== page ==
The justice system took care of retired Penn State University defensive coordinator Jerry Sandusky two weeks ago with an across-the-board guilty verdict on a multitude of child sex abuse charges.
But Thursday was the day of reckoning for Penn State University. And it was a heartbreaking day.
The report of former FBI Director Louis Freeh confirmed what we have suspected but hoped was not true: The most powerful people at Penn State completely fumbled responsibility for 14 years and knowingly concealed the despicable sex abuse scandal.
Freeh's report is not whimsical, subjective fantasy. It was drawn from interviews with 430 people and reviews of more than 3.5 million emails, handwritten notes and other documents.
The story that emerges from those interviews and written words is that President Graham Spanier, former Athletic Director Tim Curley, former vice president Gary Schultz and then Coach Joe Paterno had intimate knowledge of allegations against Sandusky and chose to "actively conceal" what was going on.
Confronted with real evidence first in 1998 and again in 2001, they chose the course of keeping the atrocities under wraps. For 14 years, they allowed a sexual predator to occupy an office, roam the Penn State campus and continue receiving a generous retirement package. Why?
It's alarming. It's shameful. And in the case of the late Coach Paterno, it is a nearly incomprehensible break from a lifetime of doing things with integrity, honesty and principle. It was an unforgivable betrayal of everyone who has believed in the program based on the principles Coach Paterno summed up as the Grand Experiment.
We can't help but think this underbelly of concealment is the reason Paterno was allowed to retain his coaching job long after his most effective years had passed. And we wonder if a younger, sharper Paterno would not have acted more aggressively when first confronted with reports of Sandusky's behavior.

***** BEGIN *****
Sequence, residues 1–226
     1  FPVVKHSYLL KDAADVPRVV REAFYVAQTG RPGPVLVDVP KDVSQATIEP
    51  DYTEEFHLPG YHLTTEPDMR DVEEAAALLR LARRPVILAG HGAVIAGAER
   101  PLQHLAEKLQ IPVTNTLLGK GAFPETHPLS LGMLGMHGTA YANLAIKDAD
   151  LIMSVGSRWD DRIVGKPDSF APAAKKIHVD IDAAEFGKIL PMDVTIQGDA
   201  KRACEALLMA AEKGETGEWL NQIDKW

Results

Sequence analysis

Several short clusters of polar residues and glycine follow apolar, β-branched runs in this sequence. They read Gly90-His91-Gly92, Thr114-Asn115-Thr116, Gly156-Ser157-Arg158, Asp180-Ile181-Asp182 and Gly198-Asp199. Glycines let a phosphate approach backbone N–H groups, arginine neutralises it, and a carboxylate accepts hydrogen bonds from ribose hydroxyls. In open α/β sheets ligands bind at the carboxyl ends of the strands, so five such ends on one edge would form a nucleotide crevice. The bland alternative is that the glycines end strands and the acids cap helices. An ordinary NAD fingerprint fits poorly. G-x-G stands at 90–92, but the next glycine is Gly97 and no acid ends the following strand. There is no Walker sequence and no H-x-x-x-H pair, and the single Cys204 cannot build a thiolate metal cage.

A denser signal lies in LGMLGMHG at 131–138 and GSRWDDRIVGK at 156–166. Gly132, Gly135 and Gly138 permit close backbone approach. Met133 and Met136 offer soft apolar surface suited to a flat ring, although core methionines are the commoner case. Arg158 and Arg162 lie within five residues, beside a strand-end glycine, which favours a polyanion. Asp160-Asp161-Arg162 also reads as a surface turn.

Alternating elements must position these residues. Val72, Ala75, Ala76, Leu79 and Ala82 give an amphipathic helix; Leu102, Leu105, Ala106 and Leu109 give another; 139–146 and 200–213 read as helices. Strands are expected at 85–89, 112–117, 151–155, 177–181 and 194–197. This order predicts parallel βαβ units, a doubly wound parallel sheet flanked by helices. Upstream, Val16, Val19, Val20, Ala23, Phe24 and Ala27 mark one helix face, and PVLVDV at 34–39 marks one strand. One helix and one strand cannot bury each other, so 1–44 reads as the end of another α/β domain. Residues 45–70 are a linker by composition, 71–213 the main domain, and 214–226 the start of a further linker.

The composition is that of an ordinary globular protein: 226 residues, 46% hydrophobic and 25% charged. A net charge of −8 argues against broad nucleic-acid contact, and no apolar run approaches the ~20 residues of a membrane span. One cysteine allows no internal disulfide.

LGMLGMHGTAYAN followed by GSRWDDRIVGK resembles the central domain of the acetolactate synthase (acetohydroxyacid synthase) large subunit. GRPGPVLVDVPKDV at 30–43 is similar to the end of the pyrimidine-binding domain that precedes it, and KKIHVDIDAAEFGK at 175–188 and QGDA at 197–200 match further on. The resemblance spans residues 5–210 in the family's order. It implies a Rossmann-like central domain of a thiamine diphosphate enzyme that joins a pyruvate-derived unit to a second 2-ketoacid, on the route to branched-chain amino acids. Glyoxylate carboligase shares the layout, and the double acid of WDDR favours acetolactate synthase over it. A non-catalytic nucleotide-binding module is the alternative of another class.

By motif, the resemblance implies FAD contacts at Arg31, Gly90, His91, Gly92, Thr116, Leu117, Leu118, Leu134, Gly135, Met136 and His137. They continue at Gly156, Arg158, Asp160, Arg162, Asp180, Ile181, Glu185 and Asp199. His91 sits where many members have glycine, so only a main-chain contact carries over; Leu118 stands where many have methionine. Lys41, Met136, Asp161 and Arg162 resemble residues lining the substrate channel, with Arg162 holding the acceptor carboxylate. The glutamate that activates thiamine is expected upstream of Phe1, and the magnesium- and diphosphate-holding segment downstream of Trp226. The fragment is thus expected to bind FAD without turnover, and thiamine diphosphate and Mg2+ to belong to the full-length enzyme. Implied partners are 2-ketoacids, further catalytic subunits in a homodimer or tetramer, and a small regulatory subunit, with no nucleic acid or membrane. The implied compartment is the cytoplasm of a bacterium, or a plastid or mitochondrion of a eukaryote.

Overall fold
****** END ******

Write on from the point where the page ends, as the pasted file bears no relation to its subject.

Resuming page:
The university's new administration and board of trustees are left to pick up the pieces and guide Penn State through difficult days ahead. Costly civil suits loom. Questions about the school administration's leadership, conduct and system of decision making must be answered with actions that show the message of these atrocities has been received.
Does Coach Paterno's now-indelibly stained statue remain? That depends on what the university perceives the statue to be a reminder of a half century of football excellence with integrity or a tragic cover-up of sexual abuse.
Should the trustees be forced to resign en masse based on their poor oversight and inability to establish authority over the administration and Coach Paterno?
Should the Penn State football program receive the dreaded death penalty or other symbolic sanctions from the NCAA?
For Penn State University to move on from the horrible Sandusky sex abuse scandal, there unfortunately had to be a day like Thursday.
We can only hope this dark report ushers in a new era of awareness and determination at Penn State, all other schools and society in general to act rather than conceal wrongdoing of this nature.